I hate clerics. I think they're boring, and I hate how every party seems to have them. They're annoying and preachy in game terms, have only marginal use in the vast majority of battles, and generally just get my goat. It's a waste of a slot in the party that could be used up by a more colorful and more flexible character, so I found a way around it that caused no problems. First, the druid had enough healing power anyway, and additionally has great summoning power. (More on that later.) The only things were undead-specific powers. Hence, the Undead Hunter; early in the game, he tanked the level-draining vampires, and later in the game, gained cleric spells including Lesser Restoration. The only drawback was if someone else got drained (this happened rarely, mostly when the random vampire encounters happened, and since they happened in town, I ran to a temple; for emergencies, I carried 2 scrolls of restoration, never used them), or if I had needed heavy-duty healing, but I never did. Between the rings of regeneration and 3 mass cures (2 memorized by the druid, plus one Summon Woodland Beings for a nymph to cast one), I never hurt for healing before my characters were fatigued or I needed spells back for a specific encounter.

I learned early that my favorite strategy was similar to Baldur's Gate. In that game, ranged weapons were the best. In BG II, a combination of ranged weapons and summoning with one or two powerful characters in front is most powerful. I *love* summoning, and in particular, I *love* summoning druidic elementals. There's just no comparison for elementals! You get them very early in the game, they are hardy and can take a lot of punishment, are immune to many spells, and their fire attacks work on practically everything. (Yes, I mean that. One fire elemental was doing more damage against Kangaxx as demi-lich than the rest of my party. One. And you get two very early in the game.) Plus, they last much longer than pretty much any other summoned creature. When I was lazy, I'd have an invisible character clear a dungeon with one or two fire elementals in tow. This worked extremely well in Firkraag's area; fire-spouting guardians couldn't hurt them, beholders can barely touch them, and trolls and undead don't much bother them either. They are NOT comparable to mage summoning, particularly mage elementals.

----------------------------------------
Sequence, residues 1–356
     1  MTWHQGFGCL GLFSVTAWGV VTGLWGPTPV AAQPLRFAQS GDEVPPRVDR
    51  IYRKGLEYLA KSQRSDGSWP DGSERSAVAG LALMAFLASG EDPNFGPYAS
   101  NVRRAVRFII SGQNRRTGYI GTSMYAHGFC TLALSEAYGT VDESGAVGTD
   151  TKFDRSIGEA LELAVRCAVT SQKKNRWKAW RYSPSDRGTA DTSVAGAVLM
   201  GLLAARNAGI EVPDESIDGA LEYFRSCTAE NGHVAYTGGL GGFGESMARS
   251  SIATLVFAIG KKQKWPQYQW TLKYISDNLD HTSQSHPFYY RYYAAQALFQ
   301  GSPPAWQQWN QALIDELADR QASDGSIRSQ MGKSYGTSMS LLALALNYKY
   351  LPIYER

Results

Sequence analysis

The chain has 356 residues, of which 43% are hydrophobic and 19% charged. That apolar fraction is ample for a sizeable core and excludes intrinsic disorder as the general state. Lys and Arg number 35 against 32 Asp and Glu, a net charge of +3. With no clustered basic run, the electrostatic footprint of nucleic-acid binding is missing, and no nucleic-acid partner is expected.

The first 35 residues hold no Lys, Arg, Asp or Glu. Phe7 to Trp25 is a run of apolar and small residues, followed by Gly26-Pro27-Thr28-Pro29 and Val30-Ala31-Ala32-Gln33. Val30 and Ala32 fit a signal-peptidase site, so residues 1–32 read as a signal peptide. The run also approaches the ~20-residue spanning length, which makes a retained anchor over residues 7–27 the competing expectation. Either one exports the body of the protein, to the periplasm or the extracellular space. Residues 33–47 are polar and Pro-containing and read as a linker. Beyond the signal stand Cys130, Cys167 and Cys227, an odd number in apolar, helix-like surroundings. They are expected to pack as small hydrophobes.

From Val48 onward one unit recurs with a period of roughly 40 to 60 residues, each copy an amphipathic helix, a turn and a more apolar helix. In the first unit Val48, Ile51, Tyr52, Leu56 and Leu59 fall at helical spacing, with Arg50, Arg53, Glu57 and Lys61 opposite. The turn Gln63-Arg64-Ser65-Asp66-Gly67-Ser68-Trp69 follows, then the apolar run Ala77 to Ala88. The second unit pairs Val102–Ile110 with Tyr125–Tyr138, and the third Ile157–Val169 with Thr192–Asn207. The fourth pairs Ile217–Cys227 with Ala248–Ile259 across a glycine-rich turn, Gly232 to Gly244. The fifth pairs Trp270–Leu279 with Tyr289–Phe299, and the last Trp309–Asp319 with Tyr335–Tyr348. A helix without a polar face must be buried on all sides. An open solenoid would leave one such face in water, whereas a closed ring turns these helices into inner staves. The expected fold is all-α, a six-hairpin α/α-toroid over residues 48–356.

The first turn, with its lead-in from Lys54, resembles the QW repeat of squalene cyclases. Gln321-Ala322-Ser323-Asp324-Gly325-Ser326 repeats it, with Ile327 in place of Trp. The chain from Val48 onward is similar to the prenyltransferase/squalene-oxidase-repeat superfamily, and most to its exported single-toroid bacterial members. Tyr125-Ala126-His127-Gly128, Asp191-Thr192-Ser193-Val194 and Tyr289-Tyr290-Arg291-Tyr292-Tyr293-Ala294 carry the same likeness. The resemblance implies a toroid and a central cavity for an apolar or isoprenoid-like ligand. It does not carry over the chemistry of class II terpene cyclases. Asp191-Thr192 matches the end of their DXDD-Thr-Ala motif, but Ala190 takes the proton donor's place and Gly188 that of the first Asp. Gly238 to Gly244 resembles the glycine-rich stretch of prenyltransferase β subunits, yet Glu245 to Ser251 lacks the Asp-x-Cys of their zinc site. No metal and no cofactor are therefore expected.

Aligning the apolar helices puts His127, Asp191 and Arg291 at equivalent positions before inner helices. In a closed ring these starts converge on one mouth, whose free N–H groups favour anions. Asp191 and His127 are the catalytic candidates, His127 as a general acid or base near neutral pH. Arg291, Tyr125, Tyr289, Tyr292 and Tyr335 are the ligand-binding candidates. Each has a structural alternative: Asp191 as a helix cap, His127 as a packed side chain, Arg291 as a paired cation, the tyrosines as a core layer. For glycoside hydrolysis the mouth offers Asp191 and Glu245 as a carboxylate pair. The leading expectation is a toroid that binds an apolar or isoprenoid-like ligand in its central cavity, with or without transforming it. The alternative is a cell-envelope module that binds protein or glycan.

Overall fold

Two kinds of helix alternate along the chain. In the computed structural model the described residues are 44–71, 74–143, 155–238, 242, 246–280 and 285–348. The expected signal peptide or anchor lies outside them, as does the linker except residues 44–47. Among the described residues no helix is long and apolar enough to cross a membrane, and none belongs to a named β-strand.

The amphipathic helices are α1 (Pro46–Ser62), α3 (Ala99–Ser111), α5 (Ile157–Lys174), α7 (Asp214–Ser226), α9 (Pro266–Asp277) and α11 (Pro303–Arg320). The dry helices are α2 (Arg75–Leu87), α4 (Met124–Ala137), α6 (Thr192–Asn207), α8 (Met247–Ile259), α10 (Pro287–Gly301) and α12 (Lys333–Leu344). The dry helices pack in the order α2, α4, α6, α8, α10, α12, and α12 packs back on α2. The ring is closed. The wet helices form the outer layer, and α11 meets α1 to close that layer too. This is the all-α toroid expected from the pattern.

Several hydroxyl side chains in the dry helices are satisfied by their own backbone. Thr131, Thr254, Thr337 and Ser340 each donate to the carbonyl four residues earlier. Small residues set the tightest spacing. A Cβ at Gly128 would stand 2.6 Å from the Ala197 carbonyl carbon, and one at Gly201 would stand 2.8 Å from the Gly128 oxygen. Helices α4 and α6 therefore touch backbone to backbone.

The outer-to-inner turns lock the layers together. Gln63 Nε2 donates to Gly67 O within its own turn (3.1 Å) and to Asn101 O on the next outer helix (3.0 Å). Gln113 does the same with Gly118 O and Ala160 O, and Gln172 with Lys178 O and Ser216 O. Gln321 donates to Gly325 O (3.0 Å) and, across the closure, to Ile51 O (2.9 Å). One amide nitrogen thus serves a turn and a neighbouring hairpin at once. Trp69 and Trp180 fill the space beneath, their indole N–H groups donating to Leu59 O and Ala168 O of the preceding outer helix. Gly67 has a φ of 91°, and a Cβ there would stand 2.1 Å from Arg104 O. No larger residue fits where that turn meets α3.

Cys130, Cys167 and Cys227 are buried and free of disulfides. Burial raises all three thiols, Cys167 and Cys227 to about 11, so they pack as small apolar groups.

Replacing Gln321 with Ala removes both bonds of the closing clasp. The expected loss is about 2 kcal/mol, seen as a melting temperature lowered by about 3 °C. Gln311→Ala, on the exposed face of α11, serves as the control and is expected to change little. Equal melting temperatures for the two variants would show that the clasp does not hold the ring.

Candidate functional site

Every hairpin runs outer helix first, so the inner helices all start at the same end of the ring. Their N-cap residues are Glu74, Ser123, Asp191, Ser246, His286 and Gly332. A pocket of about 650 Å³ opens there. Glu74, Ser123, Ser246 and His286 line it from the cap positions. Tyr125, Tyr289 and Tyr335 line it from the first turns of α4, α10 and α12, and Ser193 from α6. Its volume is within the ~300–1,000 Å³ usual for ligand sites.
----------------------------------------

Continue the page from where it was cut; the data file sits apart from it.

As the game progresses, you'll need more summoning spells (if you're like me, and dislike your party members getting hurt, or using healing potions or spells). Slowly, the other party members get memorable summoning spells. First, the thief/mage with Invisible Stalker (another favorite); the bard will get this in turn also. The paladin will get Animate Dead, which is quite nice over level 15 (Skeleton Warrior instead of skeletons). Plus, there are summoning items, like the Horn of Valhalla, the spider figurine, wands of monster summoning, the efreeti bottle, and so on. And, if that's not enough, you have your Totemic Druid. I personally dislike shapeshifting because it takes the druid out of action (and I like having Summon Insects, Insect Plague, and other spells easily accessible). Totemic druids can summon a spirit animal three times a day from day one. This is a colossal help at the beginning (snakes poison, and all of them are immune to certain spells, and hit as magical weapons); furthermore, this summoning is nearly instantaneous! (If I ran into an encounter accidentally, I'd summon one to occupy the enemy while I escaped, or summon one to block off enemies coming toward spellcasters, or any number of other uses.) By maxing out (and they max out quick), a totemic druid can summon 6 battle-hardy creatures; 3 spirit animals, 2 fire elementals, and an earth elemental. Plus, the nymph is actually worthwhile in big battles should you run low (the mind-affecting spells even work on drow).